Hallgrímur Helgason and Fiona Mozley at Harvard Book Store
Harvard Book Store welcomes celebrated novelists HALLGRIMUR HELGASON and FIONA MOZLEY for presentations of their respective new novels, both published by Algonquin Books. Helgason has thrice been nominated for the Nordic Council Literature Prize, including for his latest novel Woman at 1,000 Degrees. Mozley, with her debut novel Elmet, was a finalist for the 2017 Man Booker Prize.
About Woman at 1,000 Degrees
“I live here alone in a garage, together with a laptop computer and a hand grenade. It’s pretty cozy.”
And . . . she’s off. Eighty-year-old Herra Bjornsson, one of the most original narrators in literary history, takes readers along with her on a dazzling ride of a novel that spans the events and locales of the twentieth century. As she lies alone in that garage in the heart of Reykjavik, waiting to die, Herra reflects--in a voice by turns darkly funny, bawdy, poignant, and always, always smart--on the mishaps, tragedies, and turns of luck that took her from Iceland to Nazi Germany, from the United States to Argentina and back to a post-crash, high-tech, modern Iceland.
Born to a prominent political family, Herra’s childhood begins in the idyllic islands of western Iceland. But when her father makes the foolish decision to cast his lot with a Hitler on the rise, she soon finds herself abandoned and alone in war-torn Europe, relying on only her wits and occasional good fortune to survive.
For Herra is, ultimately, a fierce survivor, a modern woman ahead of her time who is utterly without self-pity despite the horrors she has endured. With death approaching, she remembers the husbands and children she has loved and lost, and tries, for the first time, to control her own fate by defying her family’s wishes and setting a date for her cremation--at a toasty temperature of 1,000 degrees. Each chapter of Herra’s story is a piece of a haunting puzzle that comes together beautifully in the book’s final pages.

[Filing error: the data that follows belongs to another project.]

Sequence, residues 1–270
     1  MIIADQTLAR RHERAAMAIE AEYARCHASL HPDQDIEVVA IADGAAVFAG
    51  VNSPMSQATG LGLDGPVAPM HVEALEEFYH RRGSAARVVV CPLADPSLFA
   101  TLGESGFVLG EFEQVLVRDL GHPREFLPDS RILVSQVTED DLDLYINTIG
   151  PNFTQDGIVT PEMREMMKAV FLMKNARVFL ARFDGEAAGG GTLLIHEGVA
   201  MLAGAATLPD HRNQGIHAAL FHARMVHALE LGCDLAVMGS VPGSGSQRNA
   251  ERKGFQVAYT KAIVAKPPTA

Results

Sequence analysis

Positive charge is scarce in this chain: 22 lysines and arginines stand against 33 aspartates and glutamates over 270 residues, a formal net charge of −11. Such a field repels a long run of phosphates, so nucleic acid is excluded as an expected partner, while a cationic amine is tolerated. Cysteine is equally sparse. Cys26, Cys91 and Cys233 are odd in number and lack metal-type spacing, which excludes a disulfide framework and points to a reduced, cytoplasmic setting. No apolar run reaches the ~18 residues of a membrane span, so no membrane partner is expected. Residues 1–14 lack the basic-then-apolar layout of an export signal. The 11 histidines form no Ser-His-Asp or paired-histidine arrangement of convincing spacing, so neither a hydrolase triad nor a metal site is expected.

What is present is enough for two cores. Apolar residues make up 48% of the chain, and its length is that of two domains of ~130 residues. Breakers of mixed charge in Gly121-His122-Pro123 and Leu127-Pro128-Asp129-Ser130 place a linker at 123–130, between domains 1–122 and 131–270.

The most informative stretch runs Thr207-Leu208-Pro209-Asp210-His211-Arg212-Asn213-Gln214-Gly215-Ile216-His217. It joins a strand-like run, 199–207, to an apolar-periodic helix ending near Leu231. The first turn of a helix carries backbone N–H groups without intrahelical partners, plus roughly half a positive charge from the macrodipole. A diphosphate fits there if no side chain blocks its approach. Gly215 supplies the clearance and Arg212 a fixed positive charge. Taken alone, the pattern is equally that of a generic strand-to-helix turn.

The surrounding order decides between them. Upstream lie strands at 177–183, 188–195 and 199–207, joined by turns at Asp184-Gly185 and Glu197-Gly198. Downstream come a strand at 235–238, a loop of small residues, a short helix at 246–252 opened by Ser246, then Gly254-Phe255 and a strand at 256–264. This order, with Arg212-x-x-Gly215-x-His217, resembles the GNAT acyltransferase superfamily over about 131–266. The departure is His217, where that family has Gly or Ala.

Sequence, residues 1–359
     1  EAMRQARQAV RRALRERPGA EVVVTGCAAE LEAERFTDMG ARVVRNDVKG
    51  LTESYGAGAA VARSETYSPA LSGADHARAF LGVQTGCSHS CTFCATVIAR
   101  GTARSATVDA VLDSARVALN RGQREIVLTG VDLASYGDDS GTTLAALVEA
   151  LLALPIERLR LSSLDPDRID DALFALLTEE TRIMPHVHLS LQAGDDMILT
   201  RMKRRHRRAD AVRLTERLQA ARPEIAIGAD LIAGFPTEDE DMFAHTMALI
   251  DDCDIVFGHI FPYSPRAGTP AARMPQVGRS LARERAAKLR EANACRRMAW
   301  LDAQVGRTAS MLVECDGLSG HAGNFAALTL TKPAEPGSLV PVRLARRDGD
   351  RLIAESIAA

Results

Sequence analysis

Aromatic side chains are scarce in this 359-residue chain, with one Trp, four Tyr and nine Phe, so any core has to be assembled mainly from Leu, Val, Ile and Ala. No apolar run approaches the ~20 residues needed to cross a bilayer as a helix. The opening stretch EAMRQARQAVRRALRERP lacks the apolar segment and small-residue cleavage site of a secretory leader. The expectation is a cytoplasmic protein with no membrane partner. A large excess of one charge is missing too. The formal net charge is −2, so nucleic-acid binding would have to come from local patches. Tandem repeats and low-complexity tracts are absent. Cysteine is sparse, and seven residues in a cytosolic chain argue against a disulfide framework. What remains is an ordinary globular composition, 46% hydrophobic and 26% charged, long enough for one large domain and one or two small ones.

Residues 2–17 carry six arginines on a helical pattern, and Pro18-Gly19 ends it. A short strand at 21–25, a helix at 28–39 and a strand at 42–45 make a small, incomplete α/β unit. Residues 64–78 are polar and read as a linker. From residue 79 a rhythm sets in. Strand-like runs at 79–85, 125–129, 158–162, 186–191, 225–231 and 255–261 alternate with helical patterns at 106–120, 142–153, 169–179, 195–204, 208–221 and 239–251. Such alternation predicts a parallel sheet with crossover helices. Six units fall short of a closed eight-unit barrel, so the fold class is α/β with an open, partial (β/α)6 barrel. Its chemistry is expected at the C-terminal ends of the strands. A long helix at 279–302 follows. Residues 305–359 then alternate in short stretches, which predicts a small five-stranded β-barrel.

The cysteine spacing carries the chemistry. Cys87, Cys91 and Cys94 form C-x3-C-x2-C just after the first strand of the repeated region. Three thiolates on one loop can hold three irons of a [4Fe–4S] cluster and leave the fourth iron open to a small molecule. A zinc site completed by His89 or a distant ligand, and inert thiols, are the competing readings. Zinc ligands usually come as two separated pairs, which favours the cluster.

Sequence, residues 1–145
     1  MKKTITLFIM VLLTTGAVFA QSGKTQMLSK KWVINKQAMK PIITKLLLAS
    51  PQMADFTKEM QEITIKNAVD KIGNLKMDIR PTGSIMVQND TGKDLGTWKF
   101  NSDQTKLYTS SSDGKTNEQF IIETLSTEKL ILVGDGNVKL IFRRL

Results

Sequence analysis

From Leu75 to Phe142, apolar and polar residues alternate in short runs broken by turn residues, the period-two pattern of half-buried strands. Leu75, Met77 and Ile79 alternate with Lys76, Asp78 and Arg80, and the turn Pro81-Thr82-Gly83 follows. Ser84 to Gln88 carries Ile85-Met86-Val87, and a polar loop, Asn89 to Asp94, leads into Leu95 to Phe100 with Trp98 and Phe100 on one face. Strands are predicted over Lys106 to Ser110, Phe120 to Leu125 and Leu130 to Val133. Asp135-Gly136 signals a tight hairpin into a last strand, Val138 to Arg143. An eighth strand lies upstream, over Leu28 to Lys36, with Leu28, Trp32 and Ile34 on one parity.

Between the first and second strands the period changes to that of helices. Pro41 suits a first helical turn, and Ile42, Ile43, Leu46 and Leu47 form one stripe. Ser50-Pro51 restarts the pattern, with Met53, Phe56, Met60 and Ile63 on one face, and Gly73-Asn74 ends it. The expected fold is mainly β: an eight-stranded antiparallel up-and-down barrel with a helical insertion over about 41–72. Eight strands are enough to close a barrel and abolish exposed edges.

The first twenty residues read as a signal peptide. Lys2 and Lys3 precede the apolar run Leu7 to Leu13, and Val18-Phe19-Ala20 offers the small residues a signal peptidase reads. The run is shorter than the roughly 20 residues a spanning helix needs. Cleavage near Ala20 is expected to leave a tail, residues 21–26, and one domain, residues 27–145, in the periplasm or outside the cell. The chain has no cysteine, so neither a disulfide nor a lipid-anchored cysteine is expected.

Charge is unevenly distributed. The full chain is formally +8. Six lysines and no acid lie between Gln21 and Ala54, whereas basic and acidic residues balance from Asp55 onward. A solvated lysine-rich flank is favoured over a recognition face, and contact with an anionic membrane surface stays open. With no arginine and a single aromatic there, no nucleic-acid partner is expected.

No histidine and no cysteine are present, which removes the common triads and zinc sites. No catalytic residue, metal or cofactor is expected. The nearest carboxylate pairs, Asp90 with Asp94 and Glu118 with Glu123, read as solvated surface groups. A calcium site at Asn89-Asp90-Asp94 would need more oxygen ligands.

Originally published in Icelandic and based on a real person whom author Hallgrímur Helgason encountered by chance, Woman at 1,000 Degrees was a bestseller in Germany, France, and Denmark, and has been compared to “John Irving on speed.” But it is deeply moving as well, the story of a woman swept up by the forces of history. With echoes of All the Light We Cannot See and The 100-Year-Old Man Who Climbed Out the Window and Disappeared, as well as European tours de force such as The Tin Drum, Woman at 1,000 Degrees is, ultimately, original, introducing a fresh new voice to American audiences.
The family thought the little house they had made themselves in Elmet, a corner of Yorkshire, was theirs, that their peaceful, self-sufficient life was safe. Cathy and Daniel roamed the woods freely, occasionally visiting a local woman for some schooling, living outside all conventions. Their father built things and hunted, working with his hands; sometimes he would disappear, forced to do secret, brutal work for money, but to them he was a gentle protector.
Narrated by Daniel after a catastrophic event has occurred, Elmet mesmerizes even as it becomes clear the family's solitary idyll will not last. When a local landowner shows up on their doorstep, their precarious existence is threatened, their innocence lost. Daddy and Cathy, both of them fierce, strong, and unyielding, set out to protect themselves and their neighbors, putting into motion a chain of events that can only end in violence.
As rich, wild, dark, and beautiful as its Yorkshire setting, Elmet is a gripping debut about life on the margins and the power—and limits—of family loyalty.